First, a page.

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    $\begingroup$ @AliTaghavi : The convexity is not needed because we now have the uniformity: (1) holds uniformly over all polynomials in $\mathcal P_{n,d_*,D}$ if $c\ge c_*(n,d_*,D)$. So, if $c>0$ is large enough, then for all $t\in[0,2\pi)$ at once the polynomials $P(r\cos t,r\sin t)-c$ in $r$ have exactly two roots, $r_\pm(t)$, satisfying condition (2a). I have now inserted the previously missing qualification "for all large enough $c>0$" into the sentence "The main idea for the elliptic polynomial case is ...". $\endgroup$ – Iosif Pinelis Mar 5 at 3:31
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    $\begingroup$ @AliTaghavi : I have added details on why the $c$-level curve for an elliptic polynomial is necessarily simple and closed for all large enough $c>0$. I have not stated or used any convexity properties. $\endgroup$ – Iosif Pinelis Mar 8 at 3:12
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    $\begingroup$ @AliTaghavi : I am glad you liked the answer. Please let me know if more clarifications are needed in some places. $\endgroup$ – Iosif Pinelis Mar 24 at 0:05
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    $\begingroup$ @AliTaghavi : I have now added details on why without loss of generality $p'(x_\pm)\ne0$ for all $p\in\mathcal P_{n,d_*,D}$ and all real $c\ge c_*(n,d_*,D)$ -- this statement is now formula (1.5). $\endgroup$ – Iosif Pinelis Mar 24 at 21:31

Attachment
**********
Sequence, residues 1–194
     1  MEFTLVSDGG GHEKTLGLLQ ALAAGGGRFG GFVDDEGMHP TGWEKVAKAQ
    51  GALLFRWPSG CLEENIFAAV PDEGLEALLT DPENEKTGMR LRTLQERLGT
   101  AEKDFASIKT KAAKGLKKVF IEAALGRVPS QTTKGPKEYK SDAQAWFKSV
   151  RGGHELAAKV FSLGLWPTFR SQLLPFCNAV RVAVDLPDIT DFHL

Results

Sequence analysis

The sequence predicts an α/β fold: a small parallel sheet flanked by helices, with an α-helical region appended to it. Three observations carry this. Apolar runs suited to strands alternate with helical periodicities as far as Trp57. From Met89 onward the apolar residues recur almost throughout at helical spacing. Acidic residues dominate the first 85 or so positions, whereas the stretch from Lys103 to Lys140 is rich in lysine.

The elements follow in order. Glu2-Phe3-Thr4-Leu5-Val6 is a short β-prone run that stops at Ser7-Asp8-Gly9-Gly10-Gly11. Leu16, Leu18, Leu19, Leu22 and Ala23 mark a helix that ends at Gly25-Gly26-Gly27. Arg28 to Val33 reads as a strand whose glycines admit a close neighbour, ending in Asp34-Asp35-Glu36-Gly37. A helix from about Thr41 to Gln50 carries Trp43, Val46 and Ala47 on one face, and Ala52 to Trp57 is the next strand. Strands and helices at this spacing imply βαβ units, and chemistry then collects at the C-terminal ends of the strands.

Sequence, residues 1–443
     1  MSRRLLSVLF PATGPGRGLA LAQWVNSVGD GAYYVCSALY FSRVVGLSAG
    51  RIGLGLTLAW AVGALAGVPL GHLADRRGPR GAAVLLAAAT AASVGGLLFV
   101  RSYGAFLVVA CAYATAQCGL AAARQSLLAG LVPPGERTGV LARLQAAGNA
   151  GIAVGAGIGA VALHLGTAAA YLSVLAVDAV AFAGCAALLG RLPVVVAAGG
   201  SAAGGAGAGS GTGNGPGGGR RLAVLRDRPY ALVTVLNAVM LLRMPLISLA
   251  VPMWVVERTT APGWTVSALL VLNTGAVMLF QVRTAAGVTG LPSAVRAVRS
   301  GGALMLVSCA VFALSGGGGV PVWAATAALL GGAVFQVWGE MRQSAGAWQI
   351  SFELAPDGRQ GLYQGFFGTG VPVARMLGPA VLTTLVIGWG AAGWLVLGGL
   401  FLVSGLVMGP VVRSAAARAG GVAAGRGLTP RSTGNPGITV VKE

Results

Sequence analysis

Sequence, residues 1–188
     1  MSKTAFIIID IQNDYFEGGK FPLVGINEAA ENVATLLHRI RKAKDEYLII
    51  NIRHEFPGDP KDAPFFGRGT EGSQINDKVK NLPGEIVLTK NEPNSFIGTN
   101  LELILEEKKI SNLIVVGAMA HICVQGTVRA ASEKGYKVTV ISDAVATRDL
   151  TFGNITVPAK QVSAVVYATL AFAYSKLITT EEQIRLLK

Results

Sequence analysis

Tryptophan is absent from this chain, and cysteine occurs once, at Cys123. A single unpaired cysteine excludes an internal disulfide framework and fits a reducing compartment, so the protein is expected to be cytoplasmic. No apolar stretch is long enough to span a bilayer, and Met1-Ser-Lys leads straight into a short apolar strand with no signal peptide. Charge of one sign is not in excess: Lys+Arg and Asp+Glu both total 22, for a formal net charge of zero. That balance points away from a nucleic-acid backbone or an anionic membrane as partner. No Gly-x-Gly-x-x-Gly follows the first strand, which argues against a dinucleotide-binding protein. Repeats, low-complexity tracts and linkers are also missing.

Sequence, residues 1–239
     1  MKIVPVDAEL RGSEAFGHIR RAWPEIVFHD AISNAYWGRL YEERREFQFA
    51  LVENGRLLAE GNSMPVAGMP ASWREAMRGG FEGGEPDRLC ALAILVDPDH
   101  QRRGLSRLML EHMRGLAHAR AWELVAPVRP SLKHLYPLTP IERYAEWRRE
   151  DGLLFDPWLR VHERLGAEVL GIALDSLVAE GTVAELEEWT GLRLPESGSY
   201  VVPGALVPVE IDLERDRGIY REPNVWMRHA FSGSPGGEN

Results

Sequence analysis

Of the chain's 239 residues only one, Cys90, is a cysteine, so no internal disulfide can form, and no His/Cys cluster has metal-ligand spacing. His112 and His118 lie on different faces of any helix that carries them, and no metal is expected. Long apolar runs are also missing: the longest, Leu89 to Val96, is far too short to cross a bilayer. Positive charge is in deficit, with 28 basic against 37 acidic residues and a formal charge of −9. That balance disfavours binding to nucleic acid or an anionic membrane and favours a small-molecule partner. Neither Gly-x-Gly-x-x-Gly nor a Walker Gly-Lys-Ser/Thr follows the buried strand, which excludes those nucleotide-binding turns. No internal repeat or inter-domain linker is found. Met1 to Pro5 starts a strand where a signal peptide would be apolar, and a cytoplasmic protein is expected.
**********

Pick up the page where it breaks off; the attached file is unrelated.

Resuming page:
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$(y-x^2)^2+x^2\phantom{aaaaaaaaaaaaaaaaaaaaa}$

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  • $\begingroup$ Thanks for your answer. Is there a homogenous example or a polynomial whose last homogenous part os elliptic(non degenerate)? $\endgroup$ – Ali Taghavi Feb 27 at 13:29
  • $\begingroup$ In case of convergence of centroid to a point q, how can one write q in terms of coefficoent of the polynomial p?(as in one variable). BTW it seems that the elliptic assumption is a reasonable generalization of 1 variable case. $\endgroup$ – Ali Taghavi Feb 27 at 15:27
  • $\begingroup$ You actually send the centroid to infinity along the y axis. I think your example is based on choosing a volum preserving diffeomorphism as change of cordinate. But is there really a homogenuos or elliptic example? $\endgroup$ – Ali Taghavi Feb 27 at 17:26
  • $\begingroup$ Apart from above questions, is there an example for which the centroid is bounded but is not convergent?(very irregular behaviour)? $\endgroup$ – Ali Taghavi Feb 27 at 17:50
  • $\begingroup$ To be honest, before your answer I was interested in a kind of non degeneracy conditioñs on the last homogeneous part please see the comment conversations on this post $\endgroup$ – Ali Taghavi Feb 27 at 17:59